A Melbourne Aboriginal-run fashion brand has lost a two-year legal battle with US clothing brand Gap, forcing them to rebrand.
An Aboriginal-run clothing company has lost a two year legal battle with US clothing brand Gap, forcing the Aussie business to change its name.
Clothing the Gap is a small Aboriginal-owned business run in Melbourne has been locked in a legal battle with US clothing giant Gap Inc since 2019 over the use of “gap” in the name of the business.
Co-founder and managing director of the company, Gunditjmara woman Laura Thompson, received a cease-and-desist letter from Gap in April 2019, sparking a lengthy legal battle.
The Aussie company lost the legal fight, meaning they will now be required to rebrand as Clothing the Gaps.
The company said the name Clothing the Gap was used as a play on words to reference to closing the gap between Indigenous groups and other Australians.
“We are rebranding after a two year legal dispute with US clothing giant Gap. We used the word ‘Gap’ in our brand in reference to ‘Close The Gap’ an Australian health initiative focused on closing the gap between Australian and First Nation people,” the company said in a Facebook post.
“We did put up a fight at the trademark tribunal in opposition, but the judge decided that there was ‘contextual confusion’ and ‘deceptive similarity has been established’.”
The business must change its name by the end of July, meaning they only have a few months to sell all their stock bearing the current brand name.
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“We don’t have long to sell all of our OG range! At midnight on the 31st July it ALL has to come off the shelves,” the company posted on their social media pages.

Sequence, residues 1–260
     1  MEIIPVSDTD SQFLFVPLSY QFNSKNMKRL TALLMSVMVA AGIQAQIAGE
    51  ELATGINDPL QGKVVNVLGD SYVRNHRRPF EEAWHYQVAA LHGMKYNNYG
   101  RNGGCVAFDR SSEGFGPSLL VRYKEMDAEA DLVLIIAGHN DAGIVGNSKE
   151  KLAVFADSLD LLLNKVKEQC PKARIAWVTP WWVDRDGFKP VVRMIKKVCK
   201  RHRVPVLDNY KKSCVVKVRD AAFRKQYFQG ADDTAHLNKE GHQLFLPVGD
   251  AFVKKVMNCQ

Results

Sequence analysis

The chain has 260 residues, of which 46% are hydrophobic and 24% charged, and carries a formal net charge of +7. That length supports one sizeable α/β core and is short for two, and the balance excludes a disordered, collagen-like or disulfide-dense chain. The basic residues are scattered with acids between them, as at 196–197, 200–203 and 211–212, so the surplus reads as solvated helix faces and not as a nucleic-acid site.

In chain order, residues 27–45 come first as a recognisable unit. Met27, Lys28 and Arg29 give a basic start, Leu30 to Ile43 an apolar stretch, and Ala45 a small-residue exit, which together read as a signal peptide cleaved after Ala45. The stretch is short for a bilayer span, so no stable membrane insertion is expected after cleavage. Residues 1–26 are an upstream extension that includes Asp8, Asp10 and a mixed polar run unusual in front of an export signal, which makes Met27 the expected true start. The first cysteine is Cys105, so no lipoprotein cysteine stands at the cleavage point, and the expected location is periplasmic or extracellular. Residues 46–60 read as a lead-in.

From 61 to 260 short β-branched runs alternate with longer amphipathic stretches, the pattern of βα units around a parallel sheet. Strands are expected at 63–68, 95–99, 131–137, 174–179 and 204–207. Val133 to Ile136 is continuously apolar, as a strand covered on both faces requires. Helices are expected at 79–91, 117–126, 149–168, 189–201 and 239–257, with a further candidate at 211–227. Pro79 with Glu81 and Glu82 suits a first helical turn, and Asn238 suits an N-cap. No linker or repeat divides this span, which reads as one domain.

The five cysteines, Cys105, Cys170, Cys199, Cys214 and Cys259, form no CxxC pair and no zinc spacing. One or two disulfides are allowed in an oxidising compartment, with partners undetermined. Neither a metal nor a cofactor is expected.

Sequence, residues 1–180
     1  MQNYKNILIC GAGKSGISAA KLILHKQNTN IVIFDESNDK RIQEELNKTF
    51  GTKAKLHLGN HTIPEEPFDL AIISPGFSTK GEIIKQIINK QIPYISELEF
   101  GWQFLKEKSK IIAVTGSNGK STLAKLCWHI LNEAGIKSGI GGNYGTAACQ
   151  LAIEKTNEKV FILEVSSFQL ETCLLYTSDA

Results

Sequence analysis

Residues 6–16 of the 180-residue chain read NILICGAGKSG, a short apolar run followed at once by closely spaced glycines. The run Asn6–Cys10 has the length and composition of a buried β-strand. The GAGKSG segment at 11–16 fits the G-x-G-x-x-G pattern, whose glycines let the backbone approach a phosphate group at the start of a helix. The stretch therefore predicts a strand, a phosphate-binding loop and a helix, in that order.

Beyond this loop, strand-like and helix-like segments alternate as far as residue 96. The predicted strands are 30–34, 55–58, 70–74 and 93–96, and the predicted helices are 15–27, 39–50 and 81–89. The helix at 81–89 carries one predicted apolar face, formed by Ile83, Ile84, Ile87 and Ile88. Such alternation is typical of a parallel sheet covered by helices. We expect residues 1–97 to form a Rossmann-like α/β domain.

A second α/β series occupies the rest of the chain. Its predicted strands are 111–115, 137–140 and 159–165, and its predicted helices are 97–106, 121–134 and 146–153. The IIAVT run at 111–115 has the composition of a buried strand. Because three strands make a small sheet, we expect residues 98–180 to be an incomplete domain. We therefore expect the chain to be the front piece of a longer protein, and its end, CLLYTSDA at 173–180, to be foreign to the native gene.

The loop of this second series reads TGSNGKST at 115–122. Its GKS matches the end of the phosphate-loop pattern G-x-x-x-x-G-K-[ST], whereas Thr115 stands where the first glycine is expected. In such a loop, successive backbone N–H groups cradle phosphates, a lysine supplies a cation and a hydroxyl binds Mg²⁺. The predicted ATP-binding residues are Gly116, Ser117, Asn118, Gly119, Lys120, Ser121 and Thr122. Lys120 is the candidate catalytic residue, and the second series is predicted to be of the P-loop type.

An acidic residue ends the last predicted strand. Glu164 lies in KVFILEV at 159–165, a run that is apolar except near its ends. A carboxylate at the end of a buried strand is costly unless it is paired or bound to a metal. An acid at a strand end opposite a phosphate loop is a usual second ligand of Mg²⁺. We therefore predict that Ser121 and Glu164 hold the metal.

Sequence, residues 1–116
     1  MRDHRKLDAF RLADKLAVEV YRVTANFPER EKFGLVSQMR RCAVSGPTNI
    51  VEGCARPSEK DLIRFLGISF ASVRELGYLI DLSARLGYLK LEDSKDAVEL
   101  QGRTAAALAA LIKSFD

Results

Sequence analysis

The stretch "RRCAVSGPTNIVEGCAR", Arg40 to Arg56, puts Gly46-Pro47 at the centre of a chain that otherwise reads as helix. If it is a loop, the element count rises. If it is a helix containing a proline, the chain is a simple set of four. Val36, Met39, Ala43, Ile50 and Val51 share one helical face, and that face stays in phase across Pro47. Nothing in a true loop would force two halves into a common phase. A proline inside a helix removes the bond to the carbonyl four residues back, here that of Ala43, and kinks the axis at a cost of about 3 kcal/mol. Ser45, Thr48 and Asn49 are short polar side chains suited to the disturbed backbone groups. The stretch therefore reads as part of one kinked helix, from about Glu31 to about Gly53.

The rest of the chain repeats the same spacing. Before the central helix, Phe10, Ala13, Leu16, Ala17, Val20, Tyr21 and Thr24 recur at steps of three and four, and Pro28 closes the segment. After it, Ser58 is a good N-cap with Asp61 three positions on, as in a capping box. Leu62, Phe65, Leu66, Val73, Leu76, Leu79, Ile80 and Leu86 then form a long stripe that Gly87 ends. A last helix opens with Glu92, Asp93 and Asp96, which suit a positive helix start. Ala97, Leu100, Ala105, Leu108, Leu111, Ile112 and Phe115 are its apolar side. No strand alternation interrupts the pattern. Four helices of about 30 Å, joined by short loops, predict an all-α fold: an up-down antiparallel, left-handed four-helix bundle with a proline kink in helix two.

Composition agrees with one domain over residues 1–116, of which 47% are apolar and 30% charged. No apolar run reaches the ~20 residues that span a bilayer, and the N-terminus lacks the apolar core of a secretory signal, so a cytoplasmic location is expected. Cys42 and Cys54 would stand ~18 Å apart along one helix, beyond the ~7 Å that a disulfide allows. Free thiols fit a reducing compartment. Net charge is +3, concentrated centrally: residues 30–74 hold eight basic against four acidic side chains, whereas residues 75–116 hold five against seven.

“It’s sad to see it disappear, but we’re very excited about our rebrand!!
“We can’t wait to show you our new designs with our new identity ‘Clothing The GAPS’.”
Ms Thompson told the ABC that she was surprised when she first received the cease and desist letter as no one in the company had made any link to Gap when registering the business.
She said the legal battle took an “emotional toll” on the business operators.
“In the background, we’ve had uncertainty around our brand for the last two years; we’ve been continuing to call ourselves Clothing The Gap, knowing very well that we’re going to have to rebrand at some stage,” Ms Thompson told the publication.
Ms Thompson said she was grateful the company didn’t have to completely overhaul the brand, with the company just added an ‘S’ on the end of its name.
She said doing this still allows the business to show its support for and links to the Aboriginal community.
“One of the areas that we focus on in closing the gap is that young Aboriginal people, Indigenous people are engaged in employment and education,” Ms Thompson told the ABC.
“We’re proud and that we’ve got a cohort of probably about 15 young Aboriginal people that are employed through our social enterprise, and that were able to further engage a lot more of the Aboriginal community in the programs that we run.”